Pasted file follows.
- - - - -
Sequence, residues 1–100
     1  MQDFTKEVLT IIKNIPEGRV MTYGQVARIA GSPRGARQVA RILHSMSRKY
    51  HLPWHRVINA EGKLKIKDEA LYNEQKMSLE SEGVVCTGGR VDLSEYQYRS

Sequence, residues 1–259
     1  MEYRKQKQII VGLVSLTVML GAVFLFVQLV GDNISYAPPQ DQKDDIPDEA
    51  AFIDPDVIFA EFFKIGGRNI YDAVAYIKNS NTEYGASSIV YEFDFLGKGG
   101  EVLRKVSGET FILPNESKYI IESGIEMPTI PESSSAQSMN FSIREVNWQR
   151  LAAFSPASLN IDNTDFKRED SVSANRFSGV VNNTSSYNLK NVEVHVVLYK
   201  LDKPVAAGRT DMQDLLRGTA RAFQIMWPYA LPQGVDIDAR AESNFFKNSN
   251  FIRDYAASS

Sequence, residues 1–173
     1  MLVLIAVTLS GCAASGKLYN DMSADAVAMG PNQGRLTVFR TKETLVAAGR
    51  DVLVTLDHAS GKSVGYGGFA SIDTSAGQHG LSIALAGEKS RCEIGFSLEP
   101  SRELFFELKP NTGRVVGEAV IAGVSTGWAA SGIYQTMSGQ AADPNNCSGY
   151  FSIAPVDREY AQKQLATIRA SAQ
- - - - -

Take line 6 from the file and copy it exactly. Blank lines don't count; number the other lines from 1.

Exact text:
    51  AFIDPDVIFA EFFKIGGRNI YDAVAYIKNS NTEYGASSIV YEFDFLGKGG